WEST AFRICA BRIEF: Ibrahim Mayaki becomes new SWAC President

The Sahel and West Africa Club’s governing board, also called the Strategy and Policy Group (SPG), convened on 18-19 June 2018 for an important discussion of SWAC’s future work priorities. SWAC Members appointed Dr Ibrahim Assane Mayaki, current Chief Executive Officer of NEPAD, as SWAC President. He will assume this function as of 1 January 2019. The SPG was an opportunity for Members and partners to honour current President, François-Xavier de Donnea for his outstanding commitment to the Club for nearly a decade. Members and partners also discussed work priorities for 2019-20. They discussed a draft work programme, which was elaborated based on an inclusive consultation process, reflecting Members’ key priorities and building on current activities and achievements.

Read full article

NEPAD to become the African Union Development Agency

At the recent 31st Ordinary Session of the Assembly of African Union Heads of State and Government in Nouakchott, Mauritania, African Heads of State and Government received several reports, including the status of the implementation of the AU Institutional Reforms presented by President Paul Kagame of Rwanda. President Kagame is the current chair of the African Union and the champion for the AU Institutional Reforms process.

During the Summit in Nouakchott, a decision was officially taken on the transformation of the NEPAD Planning and Coordination Agency into the African Union Development Agency.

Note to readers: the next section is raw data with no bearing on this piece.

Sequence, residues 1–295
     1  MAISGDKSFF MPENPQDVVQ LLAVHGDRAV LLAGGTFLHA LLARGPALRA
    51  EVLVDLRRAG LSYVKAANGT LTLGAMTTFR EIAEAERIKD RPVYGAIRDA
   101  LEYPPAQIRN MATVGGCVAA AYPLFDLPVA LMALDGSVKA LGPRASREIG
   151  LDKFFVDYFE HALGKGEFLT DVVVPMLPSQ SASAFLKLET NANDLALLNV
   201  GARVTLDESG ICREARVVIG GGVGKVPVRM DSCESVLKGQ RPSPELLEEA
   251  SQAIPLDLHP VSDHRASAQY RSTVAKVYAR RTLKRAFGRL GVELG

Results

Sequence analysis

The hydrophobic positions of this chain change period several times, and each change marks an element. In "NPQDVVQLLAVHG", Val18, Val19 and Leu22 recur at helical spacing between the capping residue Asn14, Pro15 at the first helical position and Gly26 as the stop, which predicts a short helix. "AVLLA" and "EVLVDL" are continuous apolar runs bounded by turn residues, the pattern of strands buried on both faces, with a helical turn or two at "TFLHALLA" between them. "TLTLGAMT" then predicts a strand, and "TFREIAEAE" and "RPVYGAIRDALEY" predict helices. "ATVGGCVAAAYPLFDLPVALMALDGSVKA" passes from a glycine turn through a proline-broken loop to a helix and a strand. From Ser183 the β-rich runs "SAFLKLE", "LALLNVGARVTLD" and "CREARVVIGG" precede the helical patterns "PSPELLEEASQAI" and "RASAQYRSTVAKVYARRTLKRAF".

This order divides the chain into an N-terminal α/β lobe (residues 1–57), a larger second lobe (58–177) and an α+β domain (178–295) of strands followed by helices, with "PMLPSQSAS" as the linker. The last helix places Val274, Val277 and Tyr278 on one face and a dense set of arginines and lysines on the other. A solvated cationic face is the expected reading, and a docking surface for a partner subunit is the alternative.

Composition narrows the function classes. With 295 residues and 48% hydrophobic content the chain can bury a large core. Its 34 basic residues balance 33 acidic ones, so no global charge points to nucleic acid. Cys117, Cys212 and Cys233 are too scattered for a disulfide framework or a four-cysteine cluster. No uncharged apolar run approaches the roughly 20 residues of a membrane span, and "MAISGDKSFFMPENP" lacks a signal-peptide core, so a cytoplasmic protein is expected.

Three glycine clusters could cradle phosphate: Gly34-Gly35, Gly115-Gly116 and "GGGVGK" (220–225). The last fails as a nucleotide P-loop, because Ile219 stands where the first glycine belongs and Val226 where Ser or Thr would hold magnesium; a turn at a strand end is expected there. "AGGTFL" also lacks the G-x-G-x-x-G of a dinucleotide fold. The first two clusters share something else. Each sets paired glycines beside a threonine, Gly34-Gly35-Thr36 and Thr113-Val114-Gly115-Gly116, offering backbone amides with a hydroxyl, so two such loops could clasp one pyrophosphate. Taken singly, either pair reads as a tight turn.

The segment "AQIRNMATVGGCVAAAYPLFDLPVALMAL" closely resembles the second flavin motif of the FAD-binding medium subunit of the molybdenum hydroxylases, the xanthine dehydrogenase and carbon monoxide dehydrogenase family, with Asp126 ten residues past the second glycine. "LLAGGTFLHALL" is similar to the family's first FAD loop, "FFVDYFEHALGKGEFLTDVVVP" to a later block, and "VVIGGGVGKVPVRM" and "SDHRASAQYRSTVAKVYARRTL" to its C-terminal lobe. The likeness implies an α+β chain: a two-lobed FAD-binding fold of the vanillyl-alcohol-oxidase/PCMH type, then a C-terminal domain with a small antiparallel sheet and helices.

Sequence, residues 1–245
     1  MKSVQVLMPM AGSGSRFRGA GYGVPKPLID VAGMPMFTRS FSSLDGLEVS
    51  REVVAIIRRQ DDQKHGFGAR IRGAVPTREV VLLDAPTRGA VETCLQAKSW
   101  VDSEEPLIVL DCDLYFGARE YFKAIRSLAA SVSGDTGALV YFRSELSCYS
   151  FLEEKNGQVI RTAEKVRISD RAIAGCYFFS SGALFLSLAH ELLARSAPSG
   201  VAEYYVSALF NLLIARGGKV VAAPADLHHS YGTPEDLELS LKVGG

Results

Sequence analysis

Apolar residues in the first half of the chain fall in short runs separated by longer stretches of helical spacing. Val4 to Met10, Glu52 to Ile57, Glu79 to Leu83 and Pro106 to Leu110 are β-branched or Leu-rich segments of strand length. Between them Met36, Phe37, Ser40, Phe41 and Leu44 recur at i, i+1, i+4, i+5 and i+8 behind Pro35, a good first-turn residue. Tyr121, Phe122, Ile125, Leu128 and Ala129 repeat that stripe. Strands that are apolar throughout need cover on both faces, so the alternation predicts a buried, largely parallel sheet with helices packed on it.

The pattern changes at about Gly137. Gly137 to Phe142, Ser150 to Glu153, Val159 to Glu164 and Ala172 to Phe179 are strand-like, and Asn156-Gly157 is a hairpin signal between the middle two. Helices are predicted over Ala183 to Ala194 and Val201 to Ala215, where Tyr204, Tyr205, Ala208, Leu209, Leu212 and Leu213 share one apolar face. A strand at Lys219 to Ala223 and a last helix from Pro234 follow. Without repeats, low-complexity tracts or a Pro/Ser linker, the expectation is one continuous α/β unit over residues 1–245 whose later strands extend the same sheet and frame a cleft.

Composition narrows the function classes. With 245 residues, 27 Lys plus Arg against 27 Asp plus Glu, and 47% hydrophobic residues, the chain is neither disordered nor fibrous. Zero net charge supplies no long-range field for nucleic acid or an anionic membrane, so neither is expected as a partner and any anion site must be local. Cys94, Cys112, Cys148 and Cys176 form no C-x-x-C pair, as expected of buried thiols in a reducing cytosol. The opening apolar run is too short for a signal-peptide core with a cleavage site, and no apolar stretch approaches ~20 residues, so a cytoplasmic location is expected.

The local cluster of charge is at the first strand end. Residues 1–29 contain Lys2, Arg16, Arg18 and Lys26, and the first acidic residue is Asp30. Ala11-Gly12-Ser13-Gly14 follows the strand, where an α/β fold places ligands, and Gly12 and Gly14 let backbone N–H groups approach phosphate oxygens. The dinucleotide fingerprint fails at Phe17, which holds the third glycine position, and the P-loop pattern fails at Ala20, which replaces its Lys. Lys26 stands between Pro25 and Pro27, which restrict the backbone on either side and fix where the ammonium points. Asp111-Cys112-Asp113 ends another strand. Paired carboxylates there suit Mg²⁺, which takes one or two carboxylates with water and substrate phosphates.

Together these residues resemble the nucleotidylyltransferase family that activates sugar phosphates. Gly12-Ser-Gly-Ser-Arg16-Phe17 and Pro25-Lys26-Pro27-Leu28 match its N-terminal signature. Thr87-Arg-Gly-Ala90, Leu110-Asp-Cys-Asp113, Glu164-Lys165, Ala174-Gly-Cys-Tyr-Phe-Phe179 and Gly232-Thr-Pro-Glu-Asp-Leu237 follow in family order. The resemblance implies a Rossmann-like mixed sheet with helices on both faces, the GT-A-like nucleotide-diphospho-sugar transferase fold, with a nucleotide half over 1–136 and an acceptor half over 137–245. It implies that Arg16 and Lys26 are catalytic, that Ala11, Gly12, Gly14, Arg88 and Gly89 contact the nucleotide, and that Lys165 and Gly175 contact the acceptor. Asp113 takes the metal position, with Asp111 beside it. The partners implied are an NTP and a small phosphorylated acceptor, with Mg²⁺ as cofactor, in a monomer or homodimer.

The Assembly approved the establishment of African Union Development Agency as the technical body of the African Union with its own legal identity, defined by its own statute.  The statute will be developed and presented for adoption at the next AU Summit in January 2019.

The Assembly commended the leadership of Senegalese President, H.E Macky Sall, current Chairperson of the NEPAD Heads of State and Government Orientation Committee, for reinforcing the credibility of NEPAD that has been acknowledged in the international community, including the G20 and the G7.

The current reforms at the AU are an affirmation by member states of their commitment to the NEPAD Agency as the Union’s own instrument established to champion catalytic support to countries and regional bodies in advancing the implementation of the continent’s development vision – as articulated in the seven aspirations and 20 goals of Agenda 2063.

Dr Ibrahim Mayaki, CEO of the NEPAD Agency, stated that, “A core aspect of the current reforms is to streamline and improve effectiveness and efficiency in delivery in the implementation of AU decisions, policies and programmes across all AU organs and institutions. In this sense, as the NEPAD Agency is the technical implementation agency of the AU, one specific recommendation in the Kagame report is to transform it into the AU Development Agency. We are enthusiastic about this transformation, which will make it possible to deploy our programmes even more effectively in the service of our continent’s development.”